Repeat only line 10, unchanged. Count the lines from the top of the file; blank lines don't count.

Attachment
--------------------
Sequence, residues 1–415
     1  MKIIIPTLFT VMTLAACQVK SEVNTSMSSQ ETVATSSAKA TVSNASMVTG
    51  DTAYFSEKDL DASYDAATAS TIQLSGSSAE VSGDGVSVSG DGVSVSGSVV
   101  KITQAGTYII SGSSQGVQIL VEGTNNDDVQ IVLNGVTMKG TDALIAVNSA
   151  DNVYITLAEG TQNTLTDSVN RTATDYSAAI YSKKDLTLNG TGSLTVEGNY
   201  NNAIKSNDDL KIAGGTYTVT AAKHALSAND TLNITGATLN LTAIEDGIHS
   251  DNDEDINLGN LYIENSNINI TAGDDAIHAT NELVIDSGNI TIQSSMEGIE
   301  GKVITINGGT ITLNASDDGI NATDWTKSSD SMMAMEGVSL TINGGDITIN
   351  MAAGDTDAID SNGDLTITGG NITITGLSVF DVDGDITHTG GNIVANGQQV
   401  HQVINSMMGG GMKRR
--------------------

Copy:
   401  HQVINSMMGG GMKRR